Contrasted with sensual allurements are the advantages of divine
wisdom, which publicly invites men, offers the best principles of life,
and the most valuable benefits resulting from receiving her counsels.
Her relation to the divine plans and acts is introduced, as in Pr 3:19,
20, though more fully, to
commend her desirableness for men, and the whole is closed by an
assurance that those finding her find God's favor, and those neglecting
ruin themselves. Many regard the passage as a description of the Son of
God by the title, Wisdom, which the older Jews used (and by which He is
called in Lu 11:49),
1:1, &c., describes Him
by that of Logos, the Word. But the passage may be taken as a
personification of wisdom: for, (1) Though described as with God,
wisdom is not asserted to be God. (2) The use of personal attributes is
equally consistent with a personification, as with the
description of a real person. (3) The personal pronouns used accord
with the gender (feminine) of wisdom constantly, and are never changed
to that of the person meant, as sometimes occurs in a corresponding use
of spirit, which is neuter in Greek, but to which
masculine pronouns are often applied (Joh 16:14), when the acts of the Holy Spirit are
described. (4) Such a personification is agreeable to the style of this
book (compare Pr 1:20; 3:16, 17; 4:8;
6:20-22; 9:1-4), whereas no
prophetical or other allusions to the Saviour or the new dispensation
are found among the quotations of this book in the New Testament, and
unless this be such, none exist. (5) Nothing is lost as to the
importance of this passage, which still remains a most ornate and also
solemn and impressive teaching of inspiration on the value of
1-4. The publicity and universality of the
call contrast with the secrecy and intrigues of the wicked (Pr 7:8, &c.).
5. wisdom—literally, "subtilty" in a
good sense, or, "prudence."
fools—as Pr 1:22.
6. excellent things—or, "plain,"
opening … things—upright
7. For … truth—literally, "My
palate shall meditate," or (as Orientals did) "mutter," my thoughts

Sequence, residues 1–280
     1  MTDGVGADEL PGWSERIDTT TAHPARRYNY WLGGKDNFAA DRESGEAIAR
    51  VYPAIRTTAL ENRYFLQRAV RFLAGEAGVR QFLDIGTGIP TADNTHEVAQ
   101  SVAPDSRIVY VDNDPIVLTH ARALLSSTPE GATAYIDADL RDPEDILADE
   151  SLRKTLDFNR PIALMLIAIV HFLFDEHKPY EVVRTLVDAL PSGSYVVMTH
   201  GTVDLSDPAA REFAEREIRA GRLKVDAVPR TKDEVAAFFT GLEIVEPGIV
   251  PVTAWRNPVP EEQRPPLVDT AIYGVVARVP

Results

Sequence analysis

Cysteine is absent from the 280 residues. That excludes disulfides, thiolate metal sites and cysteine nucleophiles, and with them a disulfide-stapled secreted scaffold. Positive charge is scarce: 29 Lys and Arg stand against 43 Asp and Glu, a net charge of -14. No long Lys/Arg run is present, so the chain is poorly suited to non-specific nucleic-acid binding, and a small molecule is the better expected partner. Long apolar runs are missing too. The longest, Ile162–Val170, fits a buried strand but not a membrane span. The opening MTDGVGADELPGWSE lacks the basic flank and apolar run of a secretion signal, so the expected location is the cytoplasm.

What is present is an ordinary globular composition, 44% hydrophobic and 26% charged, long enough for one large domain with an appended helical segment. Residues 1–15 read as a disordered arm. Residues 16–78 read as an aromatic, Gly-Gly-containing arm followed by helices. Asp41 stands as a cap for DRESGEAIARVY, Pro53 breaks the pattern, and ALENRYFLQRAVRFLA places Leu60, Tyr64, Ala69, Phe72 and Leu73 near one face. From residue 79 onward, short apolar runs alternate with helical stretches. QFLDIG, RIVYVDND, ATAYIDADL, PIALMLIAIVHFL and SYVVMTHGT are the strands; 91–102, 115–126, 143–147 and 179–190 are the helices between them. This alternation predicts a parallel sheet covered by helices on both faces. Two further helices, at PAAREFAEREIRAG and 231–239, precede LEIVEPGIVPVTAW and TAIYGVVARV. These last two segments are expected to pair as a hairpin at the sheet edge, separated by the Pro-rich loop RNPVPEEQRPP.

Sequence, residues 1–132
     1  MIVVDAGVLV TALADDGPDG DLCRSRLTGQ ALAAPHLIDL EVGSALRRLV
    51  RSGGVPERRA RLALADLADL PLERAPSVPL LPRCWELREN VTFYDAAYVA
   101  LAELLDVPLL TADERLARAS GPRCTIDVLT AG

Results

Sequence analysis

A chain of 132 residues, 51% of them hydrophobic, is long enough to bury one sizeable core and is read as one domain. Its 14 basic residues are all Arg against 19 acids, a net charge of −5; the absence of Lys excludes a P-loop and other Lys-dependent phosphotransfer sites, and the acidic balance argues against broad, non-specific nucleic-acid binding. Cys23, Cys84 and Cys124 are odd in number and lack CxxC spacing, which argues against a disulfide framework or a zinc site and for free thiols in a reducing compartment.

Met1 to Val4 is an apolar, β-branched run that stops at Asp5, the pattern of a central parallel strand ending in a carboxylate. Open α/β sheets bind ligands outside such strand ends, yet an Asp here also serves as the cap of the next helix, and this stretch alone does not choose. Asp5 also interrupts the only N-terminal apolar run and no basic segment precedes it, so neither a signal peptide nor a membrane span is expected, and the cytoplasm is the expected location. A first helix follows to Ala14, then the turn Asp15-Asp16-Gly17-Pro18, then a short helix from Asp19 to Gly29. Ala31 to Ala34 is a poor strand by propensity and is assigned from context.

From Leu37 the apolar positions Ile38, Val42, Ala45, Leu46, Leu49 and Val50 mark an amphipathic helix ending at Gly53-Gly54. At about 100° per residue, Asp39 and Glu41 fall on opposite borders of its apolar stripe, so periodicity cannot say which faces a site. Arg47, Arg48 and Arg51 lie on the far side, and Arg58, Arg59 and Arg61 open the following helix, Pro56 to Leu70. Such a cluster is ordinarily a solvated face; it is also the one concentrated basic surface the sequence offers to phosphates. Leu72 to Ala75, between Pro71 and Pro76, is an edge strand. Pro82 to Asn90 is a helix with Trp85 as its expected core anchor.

expressed only to myself are truth.
wickedness—specially falsehood, as
opposed to truth.
8. in righteousness—or, "righteous"
froward—literally, "twisted," or
contradictory, that is, to truth.
9. plain … understandeth—easily
seen by those who apply their minds.
that find—implying search.
10. not silver—preferable to it, so last
clause implies comparison.
11. (Compare Pr 3:14, 15).
12. prudence—as in Pr 8:5. The connection of "wisdom" and
"prudence" is that of the dictates of sound wisdom and its
find … inventions—or, "devices,"
"discreet ways" (Pr 1:4).
13. For such is the effect of the fear of God,
by which hatred to evil preserves from it.
froward mouth—or, "speech" (Pr 2:12;
14. It also gives the elements of good
character in counsel.
sound wisdom—(Pr 2:7).
I … strength—or, "As for me,
understanding is strength to me," the source of power (Ec 9:16); good judgment gives more efficiency to
15, 16. of which a wisely conducted government
is an example.
17. early—or, "diligently," which may
include the usual sense of early in life.
18. durable riches …
righteousness—Such are the "riches," enduring sources of
happiness in moral possessions (compare Pr 3:16).
19. (Compare Pr 8:11; 3:16).
20, 21. The courses in which wisdom leads
conduct to a true present prosperity (Pr 23:5).
22-31. Strictly, God's attributes are part of
Himself. Yet, to the poetical structure of the whole passage, this
commendation of wisdom is entirely consonant. In order of time all His
attributes are coincident and eternal as Himself. But to set forth the
importance of wisdom as devising the products of benevolence and power,
it is here assigned a precedence. As it has such in divine, so should
it be desired in human, affairs (compare Pr 3:19).
possessed—or, "created"; in either
sense, the idea of precedence.
in the beginning—or simply,
"beginning," in apposition with "me."
before … of old—preceding the
most ancient deeds.
23. I was set up—ordained, or
inaugurated (Ps 2:6). The
other terms carry out the idea of the earliest antiquity, and
illustrate it by the details of creation [Pr 8:24-29].
24. brought forth—(Compare Ps 90:2).
abounding—or, "laden with water."
25. settled—that is, sunk in
26. fields—or, "out places," "deserts,"
as opposite to (habitable) "world."
highest part—or, "sum," all particles
27. when he set … depth—marked out
the circle, according to the popular idea of the earth, as circular,
surrounded by depths on which the visible concave heavens rested.
28. established … deep—that is, so
as to sustain the waters above and repress those below the firmament
(Ge 1:7-11; Job 26:8).
29. commandment—better, the shore, that
is, of the sea.
foundations—figuratively denotes the
solid structure (Job 38:4; Ps 24:2).
30, 31. one brought up—an object of
special and pleasing regard. The bestowal of wisdom on men is
represented by its finding a delightful residence and pleasing God.
32-36. Such an attribute men are urged to
34. watching … waiting—literally,
"so as to watch"; wait, denoting a most sedulous attention.
35. (Compare Lu 13:23, 24).
36. sinneth … me—or better,
"missing me," as opposed to "finding" [Pr 8:35].
love death—act as if they did (compare